Request to attend the grand opening of Altagracia's Studio 45 Gallery, Washington Heights' only culturally and community-inspired art gallery, on Friday, August 29th at 8pm at 647 West 172nd Street, between Broadway and Fort Washington Avenue.
Altagracia works in multiple media and during her career, has worked on a number of design professions, from architecture to fashion design. Her experiences allowed her to conceive of and develop her own unique style. Describing her style, Altagracia says, "In [my work], figures are blocky and flattened much like the architectural space they share. All of the pieces of the various compositions are created out of simple geometric shapes. Anything too complex, like facial features, is obliterated. The figures are recognizable as male or female by what they wear, their hair length of body frames. The figures are stylized but not too distorted. They are clean deconstructed realistic execution of the human form through the use of planes of color, such as the stylings of Corot, Hopper, and Jacob Lawrence. The are designed to represent their subjects without being photorealistic."
In her new works, a series entitled the "Dominican Dichotomy", Altagracia paints about life on the island of the Dominican Republic and life on the island of Manhattan and how the two lifestyles mirror each other while being completely different.
Says Altagracia, "When I'm here I want to be there and when I'm there I want to be here. Am I American or Dominican? I was born here in Manhattan but I was not born to an American couple. I was raised with every once of my Dominican culture and spoiled rotten by the 'need-to- want-something-you-don't-need American life syndrome'. I am an American of Dominican / Puerto Rican descent. Proud, educated and still not rich is my 'Dominican Dichotomy'".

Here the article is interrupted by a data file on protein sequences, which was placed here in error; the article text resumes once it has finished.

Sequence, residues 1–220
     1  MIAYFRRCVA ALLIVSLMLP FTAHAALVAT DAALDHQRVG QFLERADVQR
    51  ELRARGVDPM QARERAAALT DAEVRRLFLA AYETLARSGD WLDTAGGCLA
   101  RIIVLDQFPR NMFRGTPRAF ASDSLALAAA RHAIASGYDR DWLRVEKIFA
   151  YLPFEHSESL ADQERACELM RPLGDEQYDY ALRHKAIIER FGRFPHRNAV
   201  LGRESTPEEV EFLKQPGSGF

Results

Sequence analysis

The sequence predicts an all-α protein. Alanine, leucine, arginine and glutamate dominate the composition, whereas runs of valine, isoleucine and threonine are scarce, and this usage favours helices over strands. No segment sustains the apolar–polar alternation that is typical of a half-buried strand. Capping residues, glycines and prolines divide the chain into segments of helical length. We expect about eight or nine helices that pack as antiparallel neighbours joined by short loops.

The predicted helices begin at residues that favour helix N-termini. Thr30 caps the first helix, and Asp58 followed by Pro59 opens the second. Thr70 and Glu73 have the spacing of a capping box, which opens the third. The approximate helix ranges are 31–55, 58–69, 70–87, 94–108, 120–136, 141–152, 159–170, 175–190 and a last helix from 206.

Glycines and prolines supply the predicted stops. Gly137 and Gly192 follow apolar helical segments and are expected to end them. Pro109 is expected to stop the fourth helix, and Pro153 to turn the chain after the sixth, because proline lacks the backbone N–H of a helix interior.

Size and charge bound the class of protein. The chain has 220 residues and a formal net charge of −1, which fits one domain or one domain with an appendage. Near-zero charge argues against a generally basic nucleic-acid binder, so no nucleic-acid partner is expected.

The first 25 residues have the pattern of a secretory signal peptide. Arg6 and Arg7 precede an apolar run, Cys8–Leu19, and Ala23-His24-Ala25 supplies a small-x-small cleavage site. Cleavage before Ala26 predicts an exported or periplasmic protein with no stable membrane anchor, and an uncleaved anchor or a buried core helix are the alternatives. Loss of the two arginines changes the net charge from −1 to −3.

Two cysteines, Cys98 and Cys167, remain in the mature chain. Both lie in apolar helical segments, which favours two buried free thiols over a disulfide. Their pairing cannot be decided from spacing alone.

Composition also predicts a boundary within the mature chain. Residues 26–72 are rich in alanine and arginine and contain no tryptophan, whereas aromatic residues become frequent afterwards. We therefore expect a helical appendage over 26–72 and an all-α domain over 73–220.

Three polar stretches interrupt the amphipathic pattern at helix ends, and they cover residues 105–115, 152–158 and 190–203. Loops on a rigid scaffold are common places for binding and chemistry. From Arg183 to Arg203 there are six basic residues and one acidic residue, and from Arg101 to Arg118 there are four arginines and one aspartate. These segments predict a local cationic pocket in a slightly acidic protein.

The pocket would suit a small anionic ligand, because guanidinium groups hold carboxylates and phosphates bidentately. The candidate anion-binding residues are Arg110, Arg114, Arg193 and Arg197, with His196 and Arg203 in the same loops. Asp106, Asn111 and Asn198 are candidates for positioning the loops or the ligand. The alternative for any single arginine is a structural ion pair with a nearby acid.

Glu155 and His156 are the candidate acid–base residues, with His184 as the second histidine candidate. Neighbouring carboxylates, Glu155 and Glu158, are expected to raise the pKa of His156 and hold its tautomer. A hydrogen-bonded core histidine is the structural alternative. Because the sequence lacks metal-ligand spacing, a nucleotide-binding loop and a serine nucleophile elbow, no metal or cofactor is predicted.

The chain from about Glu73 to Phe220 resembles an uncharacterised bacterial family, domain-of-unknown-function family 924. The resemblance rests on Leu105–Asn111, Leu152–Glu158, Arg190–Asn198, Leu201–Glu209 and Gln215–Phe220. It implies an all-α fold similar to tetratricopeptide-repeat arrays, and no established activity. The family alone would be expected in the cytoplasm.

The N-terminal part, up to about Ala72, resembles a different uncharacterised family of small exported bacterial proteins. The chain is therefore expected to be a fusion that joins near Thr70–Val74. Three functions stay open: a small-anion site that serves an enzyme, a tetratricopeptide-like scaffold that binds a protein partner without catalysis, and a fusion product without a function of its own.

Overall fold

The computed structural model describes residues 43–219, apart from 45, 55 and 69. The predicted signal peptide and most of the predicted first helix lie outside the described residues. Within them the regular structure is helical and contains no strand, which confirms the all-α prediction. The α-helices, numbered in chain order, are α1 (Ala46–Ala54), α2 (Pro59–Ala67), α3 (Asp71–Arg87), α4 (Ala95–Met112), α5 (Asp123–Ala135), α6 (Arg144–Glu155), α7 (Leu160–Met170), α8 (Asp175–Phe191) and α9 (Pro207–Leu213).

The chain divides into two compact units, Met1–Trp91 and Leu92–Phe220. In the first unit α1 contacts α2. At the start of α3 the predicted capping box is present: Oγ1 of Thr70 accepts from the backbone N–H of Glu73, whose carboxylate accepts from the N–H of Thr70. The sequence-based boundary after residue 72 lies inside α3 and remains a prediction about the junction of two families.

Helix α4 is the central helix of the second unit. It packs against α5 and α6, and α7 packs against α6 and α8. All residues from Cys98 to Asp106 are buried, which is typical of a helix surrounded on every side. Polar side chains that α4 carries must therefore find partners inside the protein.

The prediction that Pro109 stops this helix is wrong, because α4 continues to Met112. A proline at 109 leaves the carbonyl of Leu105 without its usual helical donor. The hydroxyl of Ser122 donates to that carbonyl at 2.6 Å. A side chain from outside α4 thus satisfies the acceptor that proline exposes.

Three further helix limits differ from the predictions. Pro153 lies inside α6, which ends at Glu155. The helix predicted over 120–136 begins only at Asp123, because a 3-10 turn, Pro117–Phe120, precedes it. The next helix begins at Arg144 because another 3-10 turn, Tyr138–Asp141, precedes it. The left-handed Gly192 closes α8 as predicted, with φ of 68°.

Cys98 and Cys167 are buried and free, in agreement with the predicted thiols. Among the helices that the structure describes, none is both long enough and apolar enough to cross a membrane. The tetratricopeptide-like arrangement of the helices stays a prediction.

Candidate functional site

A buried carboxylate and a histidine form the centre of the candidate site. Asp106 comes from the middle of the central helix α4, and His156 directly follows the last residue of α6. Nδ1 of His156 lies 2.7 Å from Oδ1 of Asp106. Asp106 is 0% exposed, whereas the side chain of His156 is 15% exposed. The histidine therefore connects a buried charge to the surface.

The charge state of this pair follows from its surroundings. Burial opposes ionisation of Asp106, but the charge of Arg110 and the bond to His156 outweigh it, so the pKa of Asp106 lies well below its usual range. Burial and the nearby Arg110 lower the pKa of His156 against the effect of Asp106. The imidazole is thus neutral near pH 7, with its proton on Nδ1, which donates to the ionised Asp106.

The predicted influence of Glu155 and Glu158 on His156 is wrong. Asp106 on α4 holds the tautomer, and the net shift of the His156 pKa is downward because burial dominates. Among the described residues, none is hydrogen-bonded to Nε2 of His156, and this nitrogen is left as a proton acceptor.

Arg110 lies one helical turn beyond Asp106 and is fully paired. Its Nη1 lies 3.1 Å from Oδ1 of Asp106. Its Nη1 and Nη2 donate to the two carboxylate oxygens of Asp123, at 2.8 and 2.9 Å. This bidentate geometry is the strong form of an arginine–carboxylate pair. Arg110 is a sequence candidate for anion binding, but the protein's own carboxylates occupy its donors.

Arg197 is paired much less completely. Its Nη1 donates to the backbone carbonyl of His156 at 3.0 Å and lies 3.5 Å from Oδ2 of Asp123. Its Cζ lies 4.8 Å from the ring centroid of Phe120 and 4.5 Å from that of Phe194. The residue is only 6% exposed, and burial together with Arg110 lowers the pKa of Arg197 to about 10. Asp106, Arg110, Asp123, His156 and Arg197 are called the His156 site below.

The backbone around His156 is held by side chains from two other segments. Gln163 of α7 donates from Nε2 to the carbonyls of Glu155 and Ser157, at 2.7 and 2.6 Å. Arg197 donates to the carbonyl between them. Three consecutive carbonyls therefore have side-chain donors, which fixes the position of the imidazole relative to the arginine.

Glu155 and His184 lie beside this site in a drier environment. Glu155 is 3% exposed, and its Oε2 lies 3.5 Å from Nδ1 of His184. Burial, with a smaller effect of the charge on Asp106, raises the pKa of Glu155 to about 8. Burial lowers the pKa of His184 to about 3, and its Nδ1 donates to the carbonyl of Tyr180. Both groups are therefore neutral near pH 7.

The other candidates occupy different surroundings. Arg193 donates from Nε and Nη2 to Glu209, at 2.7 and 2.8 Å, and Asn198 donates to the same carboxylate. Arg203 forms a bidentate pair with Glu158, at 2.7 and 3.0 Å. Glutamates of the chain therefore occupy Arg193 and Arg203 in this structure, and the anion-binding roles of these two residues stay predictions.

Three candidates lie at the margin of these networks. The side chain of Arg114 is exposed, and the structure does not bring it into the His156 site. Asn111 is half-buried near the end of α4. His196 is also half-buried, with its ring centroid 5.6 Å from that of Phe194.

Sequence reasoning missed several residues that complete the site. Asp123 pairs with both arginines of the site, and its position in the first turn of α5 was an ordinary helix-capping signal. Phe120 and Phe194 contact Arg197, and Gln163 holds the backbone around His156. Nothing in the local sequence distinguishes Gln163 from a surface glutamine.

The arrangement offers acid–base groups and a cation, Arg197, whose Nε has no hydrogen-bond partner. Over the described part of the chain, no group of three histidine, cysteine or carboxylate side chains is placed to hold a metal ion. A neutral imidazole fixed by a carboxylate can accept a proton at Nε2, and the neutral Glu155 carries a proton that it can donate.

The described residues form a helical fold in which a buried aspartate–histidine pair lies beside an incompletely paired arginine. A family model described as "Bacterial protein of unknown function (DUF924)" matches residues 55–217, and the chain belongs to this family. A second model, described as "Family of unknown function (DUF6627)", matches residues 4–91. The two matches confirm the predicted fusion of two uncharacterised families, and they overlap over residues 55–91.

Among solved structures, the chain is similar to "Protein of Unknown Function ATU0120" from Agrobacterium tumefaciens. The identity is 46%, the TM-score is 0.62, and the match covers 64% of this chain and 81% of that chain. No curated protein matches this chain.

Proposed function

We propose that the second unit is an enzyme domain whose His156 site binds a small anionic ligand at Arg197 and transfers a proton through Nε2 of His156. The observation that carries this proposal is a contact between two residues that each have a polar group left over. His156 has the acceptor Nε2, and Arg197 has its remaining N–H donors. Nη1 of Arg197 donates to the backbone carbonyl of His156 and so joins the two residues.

A graduate of New York University's School of Education (Cum Laude) and national art competition award recipient, Altagracia is an up and coming artist who captures moments of her life, her experience, the (Hispanic/Latino experience, and especially) the Dominican experience in Washington Heights, New York City, through her painting, design, and photography. Altagracia's [work] depicts life taking its time, [emphasizing life's rich, yet simple cultural details]: people on a (neighborhood) stoop, [leaning] from a window talking to a passerby, (hanging out) on a rooftop, on the street, and visiting family back home. Altagracia's work inspires provocative concepts dealing with race and social class and how they are governed or affected by economics and/or politics.
Please join us in this celebrating this important cultural and community event and help us spread the word to those who may be interested. Your invitation and directions are enclosed.
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